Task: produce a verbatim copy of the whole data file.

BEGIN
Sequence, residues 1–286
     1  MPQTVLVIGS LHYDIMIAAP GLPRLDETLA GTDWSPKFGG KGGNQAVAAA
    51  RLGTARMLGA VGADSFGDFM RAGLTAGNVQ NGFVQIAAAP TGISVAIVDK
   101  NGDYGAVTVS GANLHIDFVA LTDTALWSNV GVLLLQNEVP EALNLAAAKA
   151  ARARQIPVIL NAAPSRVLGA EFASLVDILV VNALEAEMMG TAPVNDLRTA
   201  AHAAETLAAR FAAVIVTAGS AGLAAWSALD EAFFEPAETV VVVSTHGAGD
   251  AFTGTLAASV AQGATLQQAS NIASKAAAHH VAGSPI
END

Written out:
Sequence, residues 1–286
     1  MPQTVLVIGS LHYDIMIAAP GLPRLDETLA GTDWSPKFGG KGGNQAVAAA
    51  RLGTARMLGA VGADSFGDFM RAGLTAGNVQ NGFVQIAAAP TGISVAIVDK
   101  NGDYGAVTVS GANLHIDFVA LTDTALWSNV GVLLLQNEVP EALNLAAAKA
   151  ARARQIPVIL NAAPSRVLGA EFASLVDILV VNALEAEMMG TAPVNDLRTA
   201  AHAAETLAAR FAAVIVTAGS AGLAAWSALD EAFFEPAETV VVVSTHGAGD
   251  AFTGTLAASV AQGATLQQAS NIASKAAAHH VAGSPI